Another example highlighted by Williams is the Yonkers Housing Intervention, for which half of the public housing residents were randomly selected via a lottery to move to better housing in middle-class neighborhoods. After 2 years, those who had moved reported better overall health, less substance abuse, less neighborhood disorder and violence, lower use of welfare, and higher rates of employment than those who had not moved. They also reported greater satisfaction with public transportation, recreation facilities, and medical care (Fauth et al., 2004).
Although these examples show that simply changing the neighborhood environment, with no health intervention, can lead to improvement in health, this is not a good national model for how to solve the problem, Williams said, adding that one should not have to move to live in a better neighborhood. Additionally, Williams pointed out that there is nothing inherently wrong with living next to someone of your own race. The problem of segregation is not segregation per se, he continued, but what sociologist William Julius Wilson has described as the concentration effects of social ills that co-occur with segregation. There is a policy opportunity for a major infusion of economic capital to improve the social, physical, and economic infrastructure of the disadvantaged communities that could have huge spillover effects on health, Williams said.
Evidence suggests that social and economic policies intended to provide additional income to low-income individuals can also provide dramatic improvements to health, noted Williams. One study he cited, which
1 This outcome was found only in male children.
was conducted as part of the negative income tax experiments of the 1970s, showed that low-income mothers who received expanded income support had better birth outcomes (measured as infant birth weight) than women in the control group. It was thought that the additional income allowed for improved nutrition (Kehrer and Wolin, 1979). Other studies have associated income from the Earned Income Tax Credit with reduced rates of low birth weight and increased mean birth weight (Hoynes et al., 2012; Strully et al., 2010). Implementation of the Social Security program dramatically reduced poverty levels among America’s elderly and, research shows, led to mortality declines. Over the past several decades, when Social Security benefits have been increased, a commensurate decline in mortality among the elderly has been observed (Arno et al., 2011).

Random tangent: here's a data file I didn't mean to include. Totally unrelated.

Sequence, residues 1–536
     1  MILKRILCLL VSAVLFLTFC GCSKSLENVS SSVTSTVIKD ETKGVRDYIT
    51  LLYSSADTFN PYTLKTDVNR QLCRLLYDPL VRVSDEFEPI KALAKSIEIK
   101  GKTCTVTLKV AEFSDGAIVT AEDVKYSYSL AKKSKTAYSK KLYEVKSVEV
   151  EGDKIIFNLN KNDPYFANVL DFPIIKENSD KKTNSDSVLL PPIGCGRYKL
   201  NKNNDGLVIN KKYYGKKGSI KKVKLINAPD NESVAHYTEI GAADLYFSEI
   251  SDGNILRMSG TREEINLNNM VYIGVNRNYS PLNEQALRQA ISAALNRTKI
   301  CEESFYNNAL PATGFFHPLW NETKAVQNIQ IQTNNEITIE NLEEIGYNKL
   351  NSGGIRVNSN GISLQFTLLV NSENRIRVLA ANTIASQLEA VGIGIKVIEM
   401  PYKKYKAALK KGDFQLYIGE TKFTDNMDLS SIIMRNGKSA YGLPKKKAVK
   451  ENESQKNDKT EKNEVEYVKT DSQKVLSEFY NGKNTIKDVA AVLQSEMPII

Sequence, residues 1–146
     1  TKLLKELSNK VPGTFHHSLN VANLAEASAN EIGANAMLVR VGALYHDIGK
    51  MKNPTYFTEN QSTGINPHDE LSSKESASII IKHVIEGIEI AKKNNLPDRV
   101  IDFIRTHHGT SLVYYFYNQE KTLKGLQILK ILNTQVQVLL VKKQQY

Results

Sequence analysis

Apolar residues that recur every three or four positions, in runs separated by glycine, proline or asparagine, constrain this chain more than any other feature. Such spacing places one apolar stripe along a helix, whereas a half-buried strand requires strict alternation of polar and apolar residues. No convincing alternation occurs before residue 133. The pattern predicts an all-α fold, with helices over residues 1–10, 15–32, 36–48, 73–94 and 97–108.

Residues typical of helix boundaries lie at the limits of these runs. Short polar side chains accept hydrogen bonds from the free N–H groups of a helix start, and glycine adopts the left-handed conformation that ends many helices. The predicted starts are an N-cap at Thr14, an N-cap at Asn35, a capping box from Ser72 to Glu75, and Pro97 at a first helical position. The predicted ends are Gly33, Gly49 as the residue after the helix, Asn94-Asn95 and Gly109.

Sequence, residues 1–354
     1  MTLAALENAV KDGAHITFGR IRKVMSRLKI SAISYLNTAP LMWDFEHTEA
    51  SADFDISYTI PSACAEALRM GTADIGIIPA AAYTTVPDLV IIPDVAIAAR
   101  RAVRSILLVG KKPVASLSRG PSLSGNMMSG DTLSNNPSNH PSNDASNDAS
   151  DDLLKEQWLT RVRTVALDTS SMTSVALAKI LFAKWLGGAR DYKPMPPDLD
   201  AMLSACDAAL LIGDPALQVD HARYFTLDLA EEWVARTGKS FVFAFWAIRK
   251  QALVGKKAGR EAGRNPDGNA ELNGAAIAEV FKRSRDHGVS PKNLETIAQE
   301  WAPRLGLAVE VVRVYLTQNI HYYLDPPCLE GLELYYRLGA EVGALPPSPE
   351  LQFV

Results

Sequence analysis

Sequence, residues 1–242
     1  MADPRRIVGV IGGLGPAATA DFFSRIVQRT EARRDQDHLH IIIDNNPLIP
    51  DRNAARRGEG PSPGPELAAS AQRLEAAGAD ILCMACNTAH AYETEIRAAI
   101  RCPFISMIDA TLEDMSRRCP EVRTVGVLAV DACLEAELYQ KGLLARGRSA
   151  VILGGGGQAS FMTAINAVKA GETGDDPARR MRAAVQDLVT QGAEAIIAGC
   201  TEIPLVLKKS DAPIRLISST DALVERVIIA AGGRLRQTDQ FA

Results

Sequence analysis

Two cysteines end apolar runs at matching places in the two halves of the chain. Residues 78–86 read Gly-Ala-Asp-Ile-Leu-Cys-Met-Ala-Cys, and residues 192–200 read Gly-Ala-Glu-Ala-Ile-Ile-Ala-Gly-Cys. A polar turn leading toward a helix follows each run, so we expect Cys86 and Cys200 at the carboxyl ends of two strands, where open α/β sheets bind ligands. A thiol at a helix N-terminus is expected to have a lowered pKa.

Another example shared by Williams was the Great Smokey Mountain Study in North Carolina, which assessed the impact of additional family income on the mental health over time of children aged 9 to 13 years at the start of the study. The opening of a casino on an Indian reservation provided additional income to American Indian residents of the community, but not to non-Indian residents. This natural experiment documented a decline in rates of deviant and aggressive behavior among adolescents whose families received additional income and showed that reduced rates of psychopathology persisted into adulthood when the adolescents had moved out of their parental home (Costello et al., 2003, 2010). Additional income for American Indian families who were poor at the time of the increase in income was also associated with higher levels of education, lower incidence of minor criminal offenses, and the elimination of the American Indian-white disparity on these outcomes. The authors postulated that the mechanism was improved parental behavior (Copeland and Costello, 2010).
The conditional cash transfer (CCT) programs are another source of evidence of the impact of increased income on health. These programs provide cash payments to low-income families contingent upon regular health care visits, school attendance, or participation in educational programs, Williams explained. Analysis of the first large scale CCT program in Mexico showed that increased income led to reduced rates of child illness and stunted growth, increased quality of prenatal care, and reduced rural infant mortality (Barber and Gertler, 2009; Barham, 2011; Rawlings and Rubio, 2005). Although the CCT programs included conditions for receiving the payments, Williams said that research shows that it was the additional income, not the conditions, that lead to the improvement in health. However, most experts believe that the conditions are important to ensure political support for these programs.
In the past 60 years, differences in health (measured as life expectancy